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BM Unit 2 - L05 1 Higher Business Management Unit 2 Operations.

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Presentation on theme: "BM Unit 2 - L05 1 Higher Business Management Unit 2 Operations."— Presentation transcript:

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2 BM Unit 2 - L05 1 Higher Business Management Unit 2 Operations

3 BM Unit 2 - L052 Operations/Production Three distinct phases Inputs  Process  Outputs  

4 BM Unit 2 - L053 Inputs  Raw materials  Labour

5 BM Unit 2 - L054 Process  Converting raw materials into something useful  Use of machinery and other processes  Assembly

6 BM Unit 2 - L055 Output  The finished product!  Packaging  Storage  Distribution  Transport

7 BM Unit 2 - L056 Factors Affecting Production Systems  Nature of the product  Quantity to be produced  Resources available  Labour  Capital

8 BM Unit 2 - L057 Methods of Production  Job Production  Batch Production  Flow Production

9 BM Unit 2 - L058 Job Production  A one off designer dress  A house built to your own design  A custom-built boat  A piece of artwork  A hand-turned wooden bowl

10 BM Unit 2 - L059 Batch Production  A number of similar products (repeated jobs)  The same house repeated on a building site  Bakery produce - each batch may differ slightly

11 BM Unit 2 - L0510 Flow Production  Mass production of almost identical products  Tunnocks Caramel Wafers  Cars  Washing machines

12 BM Unit 2 - L0511 Quality Control  ‘Bolting the door after the horse has gone’  Leads to waste and scrap  Can be very “costly”

13 BM Unit 2 - L0512 Quality Assurance  Making sure the horse cannot bolt  Getting it right first time  All aspects of the business including the commitment of the workforce

14 BM Unit 2 - L0513 Quality - A Definition  Those features of a product or service that allow it to satisfy customers’ requirements

15 BM Unit 2 - L0514 Measuring Quality Tangible  Appearance  Reliability  Durability  Functions  Suitability  After sales service  Maintenance Intangible  Image and brand (‘street cred’)  Reputation  Exclusivity

16 BM Unit 2 - L0515 Quality Systems  Total quality management  Benchmarking  Quality circles  BSI  Other Trade organisations

17 BM Unit 2 - L0516  Right first time  Consistent, clear message on quality  Staff commitment to ongoing improvement  Partnership with suppliers  Educate and train staff  Supervisors encourage and help  Eliminate fear of failure  Departments integrate and share problems  Set clear, achievable goals  Help employees to take pride in their work  Train and educate  Establish a structure and culture to support these aims Total Quality Management (TQM)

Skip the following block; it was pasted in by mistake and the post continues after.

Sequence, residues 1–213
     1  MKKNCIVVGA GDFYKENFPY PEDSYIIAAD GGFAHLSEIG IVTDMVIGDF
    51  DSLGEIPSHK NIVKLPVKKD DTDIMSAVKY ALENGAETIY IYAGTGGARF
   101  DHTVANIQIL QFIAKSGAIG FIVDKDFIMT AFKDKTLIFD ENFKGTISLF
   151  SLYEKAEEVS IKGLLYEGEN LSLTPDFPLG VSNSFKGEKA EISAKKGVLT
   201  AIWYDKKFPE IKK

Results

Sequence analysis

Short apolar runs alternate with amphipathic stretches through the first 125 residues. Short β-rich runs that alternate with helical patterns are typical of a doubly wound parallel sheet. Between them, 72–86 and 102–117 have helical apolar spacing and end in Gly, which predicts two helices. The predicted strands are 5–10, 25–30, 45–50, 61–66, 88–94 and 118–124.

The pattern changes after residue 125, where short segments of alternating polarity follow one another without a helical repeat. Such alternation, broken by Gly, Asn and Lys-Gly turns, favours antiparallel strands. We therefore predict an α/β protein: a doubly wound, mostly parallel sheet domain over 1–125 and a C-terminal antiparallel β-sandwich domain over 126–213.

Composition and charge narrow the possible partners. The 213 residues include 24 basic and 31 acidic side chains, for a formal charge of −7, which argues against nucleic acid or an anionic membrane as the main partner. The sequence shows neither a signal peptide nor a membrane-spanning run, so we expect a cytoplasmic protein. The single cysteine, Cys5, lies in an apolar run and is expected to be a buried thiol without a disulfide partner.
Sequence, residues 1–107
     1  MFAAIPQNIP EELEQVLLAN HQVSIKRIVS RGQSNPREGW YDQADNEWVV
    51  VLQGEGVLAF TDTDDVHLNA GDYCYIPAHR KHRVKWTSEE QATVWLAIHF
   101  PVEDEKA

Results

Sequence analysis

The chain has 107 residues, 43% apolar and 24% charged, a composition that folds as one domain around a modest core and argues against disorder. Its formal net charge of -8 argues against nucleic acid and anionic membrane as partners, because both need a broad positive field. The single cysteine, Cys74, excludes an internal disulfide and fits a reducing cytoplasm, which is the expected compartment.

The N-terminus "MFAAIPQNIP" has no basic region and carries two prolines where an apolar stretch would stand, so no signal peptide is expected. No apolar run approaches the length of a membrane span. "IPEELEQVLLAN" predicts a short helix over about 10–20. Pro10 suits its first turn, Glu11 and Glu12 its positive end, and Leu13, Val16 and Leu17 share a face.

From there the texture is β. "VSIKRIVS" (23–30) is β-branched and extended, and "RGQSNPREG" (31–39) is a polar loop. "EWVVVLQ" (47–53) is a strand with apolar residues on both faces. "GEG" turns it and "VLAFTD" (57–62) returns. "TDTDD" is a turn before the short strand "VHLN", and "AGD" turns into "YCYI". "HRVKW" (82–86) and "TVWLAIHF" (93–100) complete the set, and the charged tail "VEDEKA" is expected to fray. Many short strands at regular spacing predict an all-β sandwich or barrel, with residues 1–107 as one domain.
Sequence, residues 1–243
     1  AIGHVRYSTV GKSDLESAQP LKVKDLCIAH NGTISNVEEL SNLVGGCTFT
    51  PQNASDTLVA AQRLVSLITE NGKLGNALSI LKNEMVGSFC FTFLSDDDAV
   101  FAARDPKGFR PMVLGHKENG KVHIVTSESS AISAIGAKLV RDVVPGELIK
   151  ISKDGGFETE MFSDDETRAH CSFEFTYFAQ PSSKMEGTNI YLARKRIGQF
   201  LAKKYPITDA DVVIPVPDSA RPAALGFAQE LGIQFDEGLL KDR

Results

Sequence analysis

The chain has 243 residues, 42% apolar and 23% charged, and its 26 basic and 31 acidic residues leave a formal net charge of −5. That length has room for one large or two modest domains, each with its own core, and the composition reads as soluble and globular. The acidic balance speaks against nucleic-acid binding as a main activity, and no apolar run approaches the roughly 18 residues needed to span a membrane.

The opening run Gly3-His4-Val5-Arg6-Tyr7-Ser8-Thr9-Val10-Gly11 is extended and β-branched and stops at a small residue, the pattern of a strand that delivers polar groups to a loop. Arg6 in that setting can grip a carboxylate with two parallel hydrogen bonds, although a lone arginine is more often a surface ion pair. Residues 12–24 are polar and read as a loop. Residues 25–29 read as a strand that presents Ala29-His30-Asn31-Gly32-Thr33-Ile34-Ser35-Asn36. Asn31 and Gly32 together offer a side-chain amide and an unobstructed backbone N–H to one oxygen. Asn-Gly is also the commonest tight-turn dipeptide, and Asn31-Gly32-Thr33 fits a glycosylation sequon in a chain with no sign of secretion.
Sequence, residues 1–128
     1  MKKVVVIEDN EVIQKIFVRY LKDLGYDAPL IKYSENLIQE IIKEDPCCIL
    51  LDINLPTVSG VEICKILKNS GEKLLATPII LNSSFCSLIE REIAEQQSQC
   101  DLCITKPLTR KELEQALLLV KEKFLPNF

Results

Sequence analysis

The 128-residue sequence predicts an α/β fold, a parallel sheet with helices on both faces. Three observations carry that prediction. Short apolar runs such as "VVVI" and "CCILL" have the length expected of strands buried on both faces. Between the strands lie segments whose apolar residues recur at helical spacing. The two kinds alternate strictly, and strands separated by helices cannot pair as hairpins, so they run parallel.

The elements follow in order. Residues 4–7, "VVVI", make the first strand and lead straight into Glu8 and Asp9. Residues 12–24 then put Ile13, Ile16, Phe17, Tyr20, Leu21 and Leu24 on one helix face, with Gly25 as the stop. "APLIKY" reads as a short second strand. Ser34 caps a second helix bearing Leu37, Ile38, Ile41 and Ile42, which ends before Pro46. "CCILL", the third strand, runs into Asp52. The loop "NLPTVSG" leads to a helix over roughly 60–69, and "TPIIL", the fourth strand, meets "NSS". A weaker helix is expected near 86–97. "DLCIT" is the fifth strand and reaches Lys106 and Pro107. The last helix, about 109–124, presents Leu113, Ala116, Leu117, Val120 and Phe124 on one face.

18 BM Unit 2 - L0517 Features of TQM  Commitment to customer needs  Close links with the supply chain  Personal responsibility by employees  Company-wide policy for all staff  Emphasis on teamwork  Clear measures of “quality”  Information gathering to support these measures  Well-used 2-way communication systems

19 BM Unit 2 - L0518 Benchmarking - A Definition  Benchmarking is the process of setting competitive standards, based on the achievements of other firms, against which an organisation will monitor its progress.  Benchmarking tends to focus on the “best in class” companies, but for specific functions a company may compare itself to an organisation in a different industry.

20 BM Unit 2 - L0519 Types of Benchmarks  Internal - comparison with a function within the organisation  External - comparison with other organisations  Competitive - direct comparison with a competitor  Generic - comparing general business activities (eg recruitment)  Customer - contrasting the level of fulfillment of customer expectation

21 BM Unit 2 - L0520 Quality Circles  Production workers know more about the production process than “managers”  Workers are motivated by being involved and consulted about production problems (empowerment)

22 BM Unit 2 - L0521 British Standards Institution  BSI is an organisation that produces national standards for certain products.  A ‘Kite’ mark symbol is awarded to products that are proven to have met certain quality and safety standards.  Although the paperwork and process of achieving the standard is lengthy, it provides the organisation with a competitive advantage as consumers have confidence their product.  Various International Standards (IS) can als be achieved.